In January, 1921, while delivering a clinical lecture before the Douglas County Medical Society, at Lawrence, Kansas, I encountered a case of nail disorder which was entirely new to me.
REPORT OF CASES
The patient was a young woman, under the care of my friend, Dr. H. L. Chambers, and the affection, which involved the nail of the left thumb, had been present for about one year.There was no history of injury, and, in so far as could be demonstrated, the patient was free from syphilis and tuberculosis.The earliest noticeable manifestation was a small, hard, rounded, painless tumor at the base of the nail. The growth had increased gradually in size until it was about 0.5 cm. in height, and 0.7 cm. in width. Coincident with its development, a V-shaped groove had appeared in the nail, extending from the matrix to the free margin, and gradually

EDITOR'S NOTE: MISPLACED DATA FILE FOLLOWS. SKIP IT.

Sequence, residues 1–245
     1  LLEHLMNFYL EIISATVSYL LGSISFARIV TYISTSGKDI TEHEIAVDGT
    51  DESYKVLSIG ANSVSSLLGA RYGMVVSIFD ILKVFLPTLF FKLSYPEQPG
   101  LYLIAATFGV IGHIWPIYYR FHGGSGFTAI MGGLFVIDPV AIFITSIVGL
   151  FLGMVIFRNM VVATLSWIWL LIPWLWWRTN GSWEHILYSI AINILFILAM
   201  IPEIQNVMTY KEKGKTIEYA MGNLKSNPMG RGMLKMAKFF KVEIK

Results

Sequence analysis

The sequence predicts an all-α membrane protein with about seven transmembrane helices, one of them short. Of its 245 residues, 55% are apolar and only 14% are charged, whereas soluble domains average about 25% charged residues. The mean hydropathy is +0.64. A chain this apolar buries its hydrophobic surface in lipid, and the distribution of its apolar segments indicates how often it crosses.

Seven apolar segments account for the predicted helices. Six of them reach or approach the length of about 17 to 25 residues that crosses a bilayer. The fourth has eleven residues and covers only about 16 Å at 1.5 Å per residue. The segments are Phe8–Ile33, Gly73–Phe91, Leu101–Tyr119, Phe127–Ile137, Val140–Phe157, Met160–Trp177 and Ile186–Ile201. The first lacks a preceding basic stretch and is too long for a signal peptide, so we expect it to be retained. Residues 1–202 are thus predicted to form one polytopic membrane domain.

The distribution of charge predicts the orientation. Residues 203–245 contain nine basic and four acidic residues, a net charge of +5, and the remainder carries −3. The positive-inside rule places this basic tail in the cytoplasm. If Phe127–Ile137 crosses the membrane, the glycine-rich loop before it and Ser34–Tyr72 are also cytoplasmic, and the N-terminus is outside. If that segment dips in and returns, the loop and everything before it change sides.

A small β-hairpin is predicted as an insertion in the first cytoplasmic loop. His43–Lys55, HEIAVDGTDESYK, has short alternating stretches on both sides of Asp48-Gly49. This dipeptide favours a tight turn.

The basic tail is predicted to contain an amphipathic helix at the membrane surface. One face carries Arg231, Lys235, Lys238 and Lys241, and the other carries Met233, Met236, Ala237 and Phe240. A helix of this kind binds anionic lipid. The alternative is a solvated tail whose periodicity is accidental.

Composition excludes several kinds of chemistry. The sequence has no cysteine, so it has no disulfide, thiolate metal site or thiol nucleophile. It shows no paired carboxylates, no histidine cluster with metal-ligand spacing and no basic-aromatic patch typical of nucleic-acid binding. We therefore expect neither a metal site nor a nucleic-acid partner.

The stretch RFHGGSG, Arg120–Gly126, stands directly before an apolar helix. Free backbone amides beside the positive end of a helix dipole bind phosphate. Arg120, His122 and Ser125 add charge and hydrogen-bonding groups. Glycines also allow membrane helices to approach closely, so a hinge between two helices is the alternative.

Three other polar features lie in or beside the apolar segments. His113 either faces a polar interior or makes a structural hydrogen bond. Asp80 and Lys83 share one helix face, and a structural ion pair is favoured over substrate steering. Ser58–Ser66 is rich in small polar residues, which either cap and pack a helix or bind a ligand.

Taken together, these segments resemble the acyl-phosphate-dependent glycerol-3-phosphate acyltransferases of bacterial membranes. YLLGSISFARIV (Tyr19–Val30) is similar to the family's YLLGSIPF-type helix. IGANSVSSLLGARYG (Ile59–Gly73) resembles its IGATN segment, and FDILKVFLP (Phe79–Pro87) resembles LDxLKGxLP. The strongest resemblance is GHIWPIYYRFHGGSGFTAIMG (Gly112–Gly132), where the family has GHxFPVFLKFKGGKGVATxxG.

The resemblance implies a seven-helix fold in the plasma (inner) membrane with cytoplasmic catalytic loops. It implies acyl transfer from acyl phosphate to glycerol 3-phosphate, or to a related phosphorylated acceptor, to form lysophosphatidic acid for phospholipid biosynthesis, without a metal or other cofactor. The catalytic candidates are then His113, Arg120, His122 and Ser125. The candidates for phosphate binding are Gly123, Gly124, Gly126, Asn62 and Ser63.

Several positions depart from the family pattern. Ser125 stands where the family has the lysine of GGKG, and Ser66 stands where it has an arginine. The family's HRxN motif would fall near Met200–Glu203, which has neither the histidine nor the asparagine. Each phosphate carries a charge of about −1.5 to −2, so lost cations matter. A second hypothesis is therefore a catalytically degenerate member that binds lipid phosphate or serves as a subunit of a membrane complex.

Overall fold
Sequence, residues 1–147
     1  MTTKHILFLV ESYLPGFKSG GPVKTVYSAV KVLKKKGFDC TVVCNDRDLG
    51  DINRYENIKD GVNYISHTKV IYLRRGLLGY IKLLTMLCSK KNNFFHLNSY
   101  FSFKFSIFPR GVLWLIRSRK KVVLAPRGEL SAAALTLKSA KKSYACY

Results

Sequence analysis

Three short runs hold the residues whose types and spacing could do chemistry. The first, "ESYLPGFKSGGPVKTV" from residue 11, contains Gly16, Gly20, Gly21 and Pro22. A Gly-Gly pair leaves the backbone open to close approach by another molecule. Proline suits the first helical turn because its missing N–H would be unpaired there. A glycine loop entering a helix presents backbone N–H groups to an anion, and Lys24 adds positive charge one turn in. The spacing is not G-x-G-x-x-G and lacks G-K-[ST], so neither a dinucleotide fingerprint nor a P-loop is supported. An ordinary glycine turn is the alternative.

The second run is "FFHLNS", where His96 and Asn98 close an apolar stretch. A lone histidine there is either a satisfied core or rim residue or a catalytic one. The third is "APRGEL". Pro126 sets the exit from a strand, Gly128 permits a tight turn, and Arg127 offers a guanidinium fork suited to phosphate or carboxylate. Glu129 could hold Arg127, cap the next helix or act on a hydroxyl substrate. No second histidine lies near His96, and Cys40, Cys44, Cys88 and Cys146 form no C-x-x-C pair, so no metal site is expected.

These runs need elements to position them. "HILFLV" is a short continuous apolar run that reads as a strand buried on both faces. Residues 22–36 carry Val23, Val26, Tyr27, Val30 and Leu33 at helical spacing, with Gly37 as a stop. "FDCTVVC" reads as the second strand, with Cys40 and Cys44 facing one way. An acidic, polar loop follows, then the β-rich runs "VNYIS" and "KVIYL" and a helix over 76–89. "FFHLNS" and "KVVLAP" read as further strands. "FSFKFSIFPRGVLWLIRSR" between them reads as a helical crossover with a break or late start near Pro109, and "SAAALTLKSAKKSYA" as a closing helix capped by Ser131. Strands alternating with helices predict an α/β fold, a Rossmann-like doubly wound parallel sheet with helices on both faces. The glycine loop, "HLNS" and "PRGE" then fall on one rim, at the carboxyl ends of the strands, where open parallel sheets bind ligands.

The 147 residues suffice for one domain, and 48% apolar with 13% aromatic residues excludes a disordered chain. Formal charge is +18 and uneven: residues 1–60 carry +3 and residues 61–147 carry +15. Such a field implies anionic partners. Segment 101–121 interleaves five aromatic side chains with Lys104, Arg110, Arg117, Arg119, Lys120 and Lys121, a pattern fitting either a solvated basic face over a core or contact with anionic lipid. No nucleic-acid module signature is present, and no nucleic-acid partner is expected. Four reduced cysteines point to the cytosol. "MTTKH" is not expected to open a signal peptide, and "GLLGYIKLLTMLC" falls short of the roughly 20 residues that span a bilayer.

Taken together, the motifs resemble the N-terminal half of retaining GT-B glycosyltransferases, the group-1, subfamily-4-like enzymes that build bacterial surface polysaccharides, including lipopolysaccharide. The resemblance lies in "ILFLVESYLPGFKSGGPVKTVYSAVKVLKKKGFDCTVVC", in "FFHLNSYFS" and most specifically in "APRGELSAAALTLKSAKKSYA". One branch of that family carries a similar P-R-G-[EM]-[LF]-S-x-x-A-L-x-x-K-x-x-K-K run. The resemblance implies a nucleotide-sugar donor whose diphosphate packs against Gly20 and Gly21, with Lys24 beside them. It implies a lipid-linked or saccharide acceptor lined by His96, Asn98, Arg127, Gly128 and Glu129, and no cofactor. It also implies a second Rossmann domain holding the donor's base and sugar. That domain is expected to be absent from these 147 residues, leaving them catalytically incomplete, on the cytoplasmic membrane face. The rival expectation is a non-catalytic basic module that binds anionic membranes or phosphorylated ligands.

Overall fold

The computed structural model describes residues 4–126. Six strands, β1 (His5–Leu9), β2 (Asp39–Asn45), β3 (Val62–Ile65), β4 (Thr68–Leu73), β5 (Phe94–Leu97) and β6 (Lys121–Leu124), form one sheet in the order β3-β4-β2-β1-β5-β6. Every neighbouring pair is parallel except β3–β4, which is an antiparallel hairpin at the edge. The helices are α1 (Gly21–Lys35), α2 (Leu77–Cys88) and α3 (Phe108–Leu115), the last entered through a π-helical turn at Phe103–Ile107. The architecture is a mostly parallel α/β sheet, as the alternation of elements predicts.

SUTTON RL. A NAIL TUMOR OF UNUSUAL TYPE. Arch Derm Syphilol. 1922;6(3):351–354. doi:10.1001/archderm.1922.02360030088008
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